Association president Tab Buckner explained, “Greg’s unwavering commitment to effective communications is one of the key pillars to his success. It is because of his understanding and the sharing of his knowledge and expertise with all stakeholders that Sports Turf Canada recognizes him with this honour.”
By sponsoring this award, the Guelph Turfgrass Institute (GTI) assists in the recognition of sports turf managers who exemplify vision and leadership in the sports turf industry. “The GTI is pleased to partner with Sports Turf Canada in presenting this award which helps to recognize Mr. Lampman’s excellence in sports turf management,” said Stephen Fleischauer, Acting Director of the Guelph Turfgrass Institute. “The GTI will continue to support sports turf achievements through the presentation of awards such as this.”
The nomination deadline for the 2017 Sports Turf Manager of the Year is January 15. Visit sportsturfcanada.com for eligibility, criteria and the nomination form.
About Sports Turf Canada
Sports Turf Canada was established in 1987 when after a brain storming session at the University of Guelph a broad segment of the turf industry endorsed its need. Of particular concern at that meeting was the need to minimize and avoid injury to participants using athletic fields where they relate to sports turf. Almost thirty years later Sports Turf Canada continues to promote better, safer sports turf through innovation, education and professional programs.
About the Guelph Turfgrass Institute
Home to Sports Turf Canada, the Guelph Turfgrass Institute was established in 1987 to conduct research and extension and provide information on turfgrass production and management to members of the Canadian turfgrass industry. The institute is supported by the university, the Ontario Ministry of Agriculture, Food and Rural Affairs and the turfgrass industry. As one of very few turfgrass research facilities in Canada, the institute is recognized as a world-class leader for research, education and professional development for the study of turf. Building on the University of Guelph’s long-standing expertise in turfgrass science, the research activities of the institute continue to focus in areas such as the environmental aspects of pesticide use (fate and persistence), evaluation of grass species, varieties and seeding methods, sports field construction, fertility and management programs, pesticide use and the biological and cultural control of diseases and weeds. Visit us at www.guelphturfgrass.ca, Like us on Facebook www.Facebook.com/GuelphTurf, and follow us on Twitter www.Twitter.com/GuelphTurf.
Managing baseball and softball infields is challenging. STMA’s Information Outreach Committee has produced a bulletin that addresses components of an infield mix, selection of an infield mix, testing procedures, moisture management, rainout prevention, infield conditioners, dragging, and lip management. Click here to learn how you can improve management and safety of skinned infields.
Recent article from the Journal of the American Medical Association (JAMA) on the examination and comparison of sport-related concussion outcomes in youth, high school and college football.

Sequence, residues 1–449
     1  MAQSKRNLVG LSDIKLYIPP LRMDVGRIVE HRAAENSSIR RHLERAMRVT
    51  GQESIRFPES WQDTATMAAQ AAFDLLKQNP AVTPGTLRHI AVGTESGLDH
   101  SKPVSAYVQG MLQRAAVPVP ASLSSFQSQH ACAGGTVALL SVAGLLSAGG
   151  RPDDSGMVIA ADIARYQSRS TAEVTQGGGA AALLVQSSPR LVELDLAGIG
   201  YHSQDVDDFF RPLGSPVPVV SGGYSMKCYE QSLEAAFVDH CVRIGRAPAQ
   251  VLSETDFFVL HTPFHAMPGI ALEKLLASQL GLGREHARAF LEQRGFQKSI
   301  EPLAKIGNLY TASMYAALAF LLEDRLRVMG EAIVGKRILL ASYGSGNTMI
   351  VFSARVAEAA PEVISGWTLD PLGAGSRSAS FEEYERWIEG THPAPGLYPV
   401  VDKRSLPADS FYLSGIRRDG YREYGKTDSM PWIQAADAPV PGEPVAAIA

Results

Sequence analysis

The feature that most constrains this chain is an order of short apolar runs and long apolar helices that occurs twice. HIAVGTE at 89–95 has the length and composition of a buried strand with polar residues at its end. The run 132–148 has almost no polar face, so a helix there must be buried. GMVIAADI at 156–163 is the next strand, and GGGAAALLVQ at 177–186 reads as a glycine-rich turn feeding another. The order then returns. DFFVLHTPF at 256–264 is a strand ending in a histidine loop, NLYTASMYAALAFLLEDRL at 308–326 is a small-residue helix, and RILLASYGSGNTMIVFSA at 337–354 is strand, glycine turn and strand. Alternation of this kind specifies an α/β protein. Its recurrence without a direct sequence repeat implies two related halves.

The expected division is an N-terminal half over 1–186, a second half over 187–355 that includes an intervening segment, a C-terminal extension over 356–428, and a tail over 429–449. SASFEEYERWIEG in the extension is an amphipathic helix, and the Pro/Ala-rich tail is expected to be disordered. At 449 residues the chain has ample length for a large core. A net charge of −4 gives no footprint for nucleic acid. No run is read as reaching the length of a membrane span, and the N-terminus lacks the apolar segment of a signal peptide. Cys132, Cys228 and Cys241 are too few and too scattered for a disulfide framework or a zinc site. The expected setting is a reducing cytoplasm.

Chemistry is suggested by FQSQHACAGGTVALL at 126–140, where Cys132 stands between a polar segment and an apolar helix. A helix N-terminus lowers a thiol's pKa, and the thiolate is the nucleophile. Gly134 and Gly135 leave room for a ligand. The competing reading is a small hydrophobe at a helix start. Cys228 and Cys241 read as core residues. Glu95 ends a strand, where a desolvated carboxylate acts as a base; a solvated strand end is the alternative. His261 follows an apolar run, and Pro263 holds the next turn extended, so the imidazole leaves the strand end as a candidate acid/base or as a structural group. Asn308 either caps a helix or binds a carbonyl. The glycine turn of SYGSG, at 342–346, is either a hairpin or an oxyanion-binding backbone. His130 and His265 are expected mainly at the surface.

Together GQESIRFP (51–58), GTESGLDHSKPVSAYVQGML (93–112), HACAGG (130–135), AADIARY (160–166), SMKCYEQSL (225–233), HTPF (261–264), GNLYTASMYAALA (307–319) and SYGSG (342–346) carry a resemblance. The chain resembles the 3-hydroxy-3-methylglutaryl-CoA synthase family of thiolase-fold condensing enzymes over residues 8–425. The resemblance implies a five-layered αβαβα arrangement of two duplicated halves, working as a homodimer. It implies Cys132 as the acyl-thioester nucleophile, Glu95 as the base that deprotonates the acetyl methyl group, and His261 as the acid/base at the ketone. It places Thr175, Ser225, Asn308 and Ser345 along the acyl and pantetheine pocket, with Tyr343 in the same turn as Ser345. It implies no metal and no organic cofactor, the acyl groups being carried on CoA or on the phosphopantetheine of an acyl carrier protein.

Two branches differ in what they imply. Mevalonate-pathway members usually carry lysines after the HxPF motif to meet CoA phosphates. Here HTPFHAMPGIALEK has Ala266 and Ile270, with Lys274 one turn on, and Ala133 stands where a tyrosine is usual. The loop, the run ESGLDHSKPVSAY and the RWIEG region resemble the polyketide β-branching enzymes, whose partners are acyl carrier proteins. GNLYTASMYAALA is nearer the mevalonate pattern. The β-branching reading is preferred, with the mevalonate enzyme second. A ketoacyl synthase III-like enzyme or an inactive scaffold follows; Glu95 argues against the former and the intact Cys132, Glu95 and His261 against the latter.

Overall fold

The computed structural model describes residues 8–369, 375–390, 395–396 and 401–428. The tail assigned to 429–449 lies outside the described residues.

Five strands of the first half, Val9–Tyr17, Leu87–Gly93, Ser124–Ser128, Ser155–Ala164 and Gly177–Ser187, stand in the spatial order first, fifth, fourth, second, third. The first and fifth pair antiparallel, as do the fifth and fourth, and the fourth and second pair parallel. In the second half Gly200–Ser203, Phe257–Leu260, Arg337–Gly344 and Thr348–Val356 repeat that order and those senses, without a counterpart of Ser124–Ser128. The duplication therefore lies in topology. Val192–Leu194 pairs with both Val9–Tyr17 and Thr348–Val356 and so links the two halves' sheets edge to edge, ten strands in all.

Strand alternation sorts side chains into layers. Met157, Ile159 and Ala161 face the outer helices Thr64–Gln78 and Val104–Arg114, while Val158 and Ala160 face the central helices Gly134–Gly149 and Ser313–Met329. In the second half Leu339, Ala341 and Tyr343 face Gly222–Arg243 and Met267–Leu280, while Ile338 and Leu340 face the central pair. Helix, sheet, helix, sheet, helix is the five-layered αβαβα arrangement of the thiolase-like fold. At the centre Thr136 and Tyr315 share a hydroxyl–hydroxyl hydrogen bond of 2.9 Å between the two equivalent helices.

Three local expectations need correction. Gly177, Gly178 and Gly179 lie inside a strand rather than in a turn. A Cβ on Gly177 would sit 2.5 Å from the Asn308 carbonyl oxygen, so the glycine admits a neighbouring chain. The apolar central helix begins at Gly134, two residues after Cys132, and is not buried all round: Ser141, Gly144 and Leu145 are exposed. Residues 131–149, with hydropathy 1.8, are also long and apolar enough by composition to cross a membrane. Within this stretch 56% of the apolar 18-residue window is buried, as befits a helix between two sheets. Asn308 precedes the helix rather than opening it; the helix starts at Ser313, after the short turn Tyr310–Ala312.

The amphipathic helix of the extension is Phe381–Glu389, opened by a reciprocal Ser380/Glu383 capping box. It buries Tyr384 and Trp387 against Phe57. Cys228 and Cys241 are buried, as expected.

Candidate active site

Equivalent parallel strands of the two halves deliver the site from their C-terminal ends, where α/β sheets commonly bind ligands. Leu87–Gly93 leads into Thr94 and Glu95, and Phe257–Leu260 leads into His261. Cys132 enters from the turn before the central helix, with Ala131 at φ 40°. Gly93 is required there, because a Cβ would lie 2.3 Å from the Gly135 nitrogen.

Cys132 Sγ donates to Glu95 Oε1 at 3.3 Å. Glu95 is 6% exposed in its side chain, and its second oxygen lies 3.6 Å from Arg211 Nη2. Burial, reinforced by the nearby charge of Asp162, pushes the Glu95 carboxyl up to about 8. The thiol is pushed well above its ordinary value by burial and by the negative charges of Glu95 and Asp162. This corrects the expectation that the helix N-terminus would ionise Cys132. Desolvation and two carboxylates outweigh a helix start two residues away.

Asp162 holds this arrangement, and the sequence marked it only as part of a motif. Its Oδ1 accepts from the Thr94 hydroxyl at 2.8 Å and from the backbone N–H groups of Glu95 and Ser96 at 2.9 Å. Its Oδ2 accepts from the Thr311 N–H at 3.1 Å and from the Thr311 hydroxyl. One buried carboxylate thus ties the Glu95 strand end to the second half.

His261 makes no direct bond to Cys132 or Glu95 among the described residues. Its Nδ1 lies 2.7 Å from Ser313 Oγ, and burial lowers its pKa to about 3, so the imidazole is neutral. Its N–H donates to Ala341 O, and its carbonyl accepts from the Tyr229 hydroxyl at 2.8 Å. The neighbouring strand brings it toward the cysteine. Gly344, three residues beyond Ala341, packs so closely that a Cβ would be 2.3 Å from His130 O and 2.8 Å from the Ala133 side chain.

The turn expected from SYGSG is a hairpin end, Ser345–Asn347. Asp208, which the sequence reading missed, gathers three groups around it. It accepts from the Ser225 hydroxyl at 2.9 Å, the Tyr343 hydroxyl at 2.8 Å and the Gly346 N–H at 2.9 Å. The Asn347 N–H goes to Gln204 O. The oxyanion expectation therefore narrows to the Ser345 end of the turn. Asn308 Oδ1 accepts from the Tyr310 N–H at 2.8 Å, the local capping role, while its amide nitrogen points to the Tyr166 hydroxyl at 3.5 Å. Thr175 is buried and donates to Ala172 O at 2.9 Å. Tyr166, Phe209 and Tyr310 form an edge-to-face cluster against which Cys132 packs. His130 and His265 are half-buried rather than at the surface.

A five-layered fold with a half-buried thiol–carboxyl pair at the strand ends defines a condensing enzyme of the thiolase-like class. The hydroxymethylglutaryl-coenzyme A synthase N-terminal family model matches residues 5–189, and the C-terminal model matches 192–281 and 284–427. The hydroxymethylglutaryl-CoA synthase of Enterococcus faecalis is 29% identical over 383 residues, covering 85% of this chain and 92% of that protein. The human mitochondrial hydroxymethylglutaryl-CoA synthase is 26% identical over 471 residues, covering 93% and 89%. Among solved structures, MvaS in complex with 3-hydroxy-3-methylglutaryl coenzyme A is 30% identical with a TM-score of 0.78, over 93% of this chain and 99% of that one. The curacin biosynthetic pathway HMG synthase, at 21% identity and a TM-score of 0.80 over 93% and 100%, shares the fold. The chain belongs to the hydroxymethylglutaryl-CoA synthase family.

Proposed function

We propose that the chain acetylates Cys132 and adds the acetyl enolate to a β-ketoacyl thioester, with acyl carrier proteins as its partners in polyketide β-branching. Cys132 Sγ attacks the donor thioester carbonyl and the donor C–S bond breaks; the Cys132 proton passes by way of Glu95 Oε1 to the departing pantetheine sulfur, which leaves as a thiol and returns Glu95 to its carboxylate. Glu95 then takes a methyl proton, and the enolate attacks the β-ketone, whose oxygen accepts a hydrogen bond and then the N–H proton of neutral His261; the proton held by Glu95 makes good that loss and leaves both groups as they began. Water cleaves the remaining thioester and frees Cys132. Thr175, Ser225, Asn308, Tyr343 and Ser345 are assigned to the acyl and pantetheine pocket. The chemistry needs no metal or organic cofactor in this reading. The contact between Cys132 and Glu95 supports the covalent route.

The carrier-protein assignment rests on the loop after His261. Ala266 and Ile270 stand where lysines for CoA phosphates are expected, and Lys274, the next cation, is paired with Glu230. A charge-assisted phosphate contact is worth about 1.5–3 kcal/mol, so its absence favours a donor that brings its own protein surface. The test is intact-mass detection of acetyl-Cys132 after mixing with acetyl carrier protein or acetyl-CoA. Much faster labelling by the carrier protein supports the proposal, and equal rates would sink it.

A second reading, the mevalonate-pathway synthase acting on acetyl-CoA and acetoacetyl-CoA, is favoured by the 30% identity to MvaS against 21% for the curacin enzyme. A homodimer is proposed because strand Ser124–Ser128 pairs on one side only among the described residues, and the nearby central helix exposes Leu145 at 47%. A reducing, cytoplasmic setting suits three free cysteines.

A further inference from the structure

See JAMA abstract here
Days after heavy rains, the standing water on the fields at McClatchy High School remains downright splashable.
There are potholes. Uneven terrain. And a student athlete narrowly escaped injury after a sinkhole last month swallowed her foot, according to one booster club leader.
“It’s a jewel of an asset within the community, and it’s in deplorable condition,” said Brian Nelson, Restore the Roar treasurer.
Despite voter approval of more than $400 million in bonds less than four years ago, McClatchy booster club leaders are worried that no help is in sight for the school founded in 1937. They have sought support from community leaders and neighborhood associations, and have appeared repeatedly before the district board.
Trouble is, McClatchy is not the only district school facing deteriorating conditions, according to a recent district overview. And Sacramento City Unified School District officials say all bond funds from a 2012 ballot measure are already committed.
Measure R authorized $68 million for long list of “health and safety” improvements for playgrounds, athletic fields, physical education buildings, irrigation systems, asbestos and lead removal, and upgraded kitchen facilities. The items appeared in that order on the 2012 ballot, with no particular emphasis given to any one of them.
So far, the district has committed about $28 million for projects at 19 schools, including a $6.2 million stadium at Kennedy High School; $3 million gym renovation and HVAC system at Hiram Johnson High School; and $2.2 million at McClatchy for a gymnasium renovation, HVAC system, bleachers and remodeled locker rooms, among other projects.
That leaves about $40 million in Measure R funds. But the district intends to use that money for a central district kitchen that can prepare food for all campuses.
Nelson this week questioned whether it was clear from the bond language that the central kitchen would command the bulk of its funds.
“I know they want to spend that money for this purpose,” he said. “There are a lot of needs. We get all that. It’s not my role to direct where the funds come from or go. Our point is the athletics facilities are not safe for the kids to be playing on.”